Hampton’s festival

NAME: Christopher Hampton

DESCRIPTION: Filmdom’s ubiquitous Englishman, and double Tony-winner to boot.

WHAT THEY’RE SAYING: How does he find the time?

About the only time Christopher Hampton seems to pause for breath these days is to pick up awards, if the 49-year-old Englishman’s current state of activity is any gauge.

While the rest of the year is shaping up to be an impromptu Hampton festival – with three films he wrote (“Total Eclipse,” “Carrington,” which he also directed, and “Mary Reilly”) due to open in the fall, and numerous others in varying states of readiness – the prizes are rolling in. With an Oscar behind him for “Dangerous Liaisons,” earlier this month he won two Tony Awards, albeit uncontested, for his collaboration with Don Black on the book and lyrics for Andrew Lloyd Webber’s “Sunset Boulevard.” His feature film directing debut, “Carrington,” won two prizes at Cannes in May – best actor for Jonathan Pryce’s Lytton Strachey and a special jury prize for Hampton himself.

Throw in Hampton’s newly inked first-look deal with 20th Century Fox worth nearly $2 million, and he begins to look like a one-man industry.

“Everything seems to have culminated at once, which is very bewildering, really,” Hampton said one recent afternoon in west London as he readies his second writing-directing effort, a $7 million adaptation of Joseph Conrad’s “The Secret Agent,” with Bob Hoskins, for a July 3 start; Fox Searchlight Pictures and Capitol Films of London are co-financing.

“There was kind of a moment last year when I was working on six scripts, all of which needed degrees of attention, and I did think it would be very nice to do one project at a time in the future,” he continues. “But with movies, you can’t legislate these things; scripts sit around, and then they’re activated.”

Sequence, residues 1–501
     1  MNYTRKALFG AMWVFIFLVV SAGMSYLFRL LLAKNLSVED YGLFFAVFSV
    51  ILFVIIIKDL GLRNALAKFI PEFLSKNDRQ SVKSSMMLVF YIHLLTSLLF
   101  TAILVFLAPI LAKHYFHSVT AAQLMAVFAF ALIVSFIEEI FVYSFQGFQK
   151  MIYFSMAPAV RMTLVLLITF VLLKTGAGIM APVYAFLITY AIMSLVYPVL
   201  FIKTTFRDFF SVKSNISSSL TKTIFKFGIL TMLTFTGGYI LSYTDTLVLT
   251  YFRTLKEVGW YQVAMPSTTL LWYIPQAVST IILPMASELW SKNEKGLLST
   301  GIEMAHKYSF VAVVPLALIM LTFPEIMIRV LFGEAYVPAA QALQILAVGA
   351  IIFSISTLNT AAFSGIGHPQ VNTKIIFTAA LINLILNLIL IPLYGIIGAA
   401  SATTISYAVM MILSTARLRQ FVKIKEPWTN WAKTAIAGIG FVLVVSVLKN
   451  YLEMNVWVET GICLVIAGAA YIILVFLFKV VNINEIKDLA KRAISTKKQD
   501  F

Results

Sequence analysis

So it has proven with his lineup of films for the fall. “Carrington,” already opened in France and headed for the U.K. in September and U.S. in November, was scripted in 1977. Originally with Mike Newell attached, the film fell to Hampton to direct.

“Total Eclipse” on screen dates back to 1970 and Hampton’s first-ever trip to Hollywood. Ray Stark had expressed interest in a film of Hampton’s play about French poets Rimbaud and Verlaine, written in 1968 when the playwright was just 22. That never got off the ground, but a subsequent screenplay for Volker Schlondorff did two decades later, only to fall apart when intended star, River Phoenix, died. The new version for New Line, a possible entry for the Venice film fest, pairs Leonardo DiCaprio and David Thewlis under director Agnieszka Holland (“Europa, Europa”).

The Fox deal followed about a year of discussions, Hampton says, in which “we were just trying to find a formula that works,” enabling Hampton to continue his freelance life. That includes two screenplay adaptations for Warner Bros. – Neil Sheehan’s “A Bright Shining Lie” for Oliver Stone and Donna Tartt’s “The Secret History” for Alan J. Pakula – that have gone through several drafts each but remain some way from production. Specific Fox ventures won’t be decided until the seven-week shoot on “Secret Agent” finishes in August.

Far from forsaking the theater, Hampton has plays lined up on both sides of the Atlantic. His translation of French writer Yasmina Reza’s play “Art” is on tap for the West End, and New York’s Lincoln Center Theater is expected to stage his 1994 Royal National Theater play “Alice’s Adventures Under Ground” late next year, written with its director, Martha Clarke.

Hampton’s career reverses the common assumption that film exists to subsidize writing for the stage: “The theater has been the commercial basis of my life. With Les Liaisons Dangereuses’ and before that ‘The Philanthropist'” – Tony nominees for best play in 1987 and 1971, respectively – “I’ve always lived on my royalties. Movies like ‘The Good Father’ tended to be the small-budget adventures, where people said, ‘Here’s $5,000 and we’ll give you some more when the movie comes out.'”

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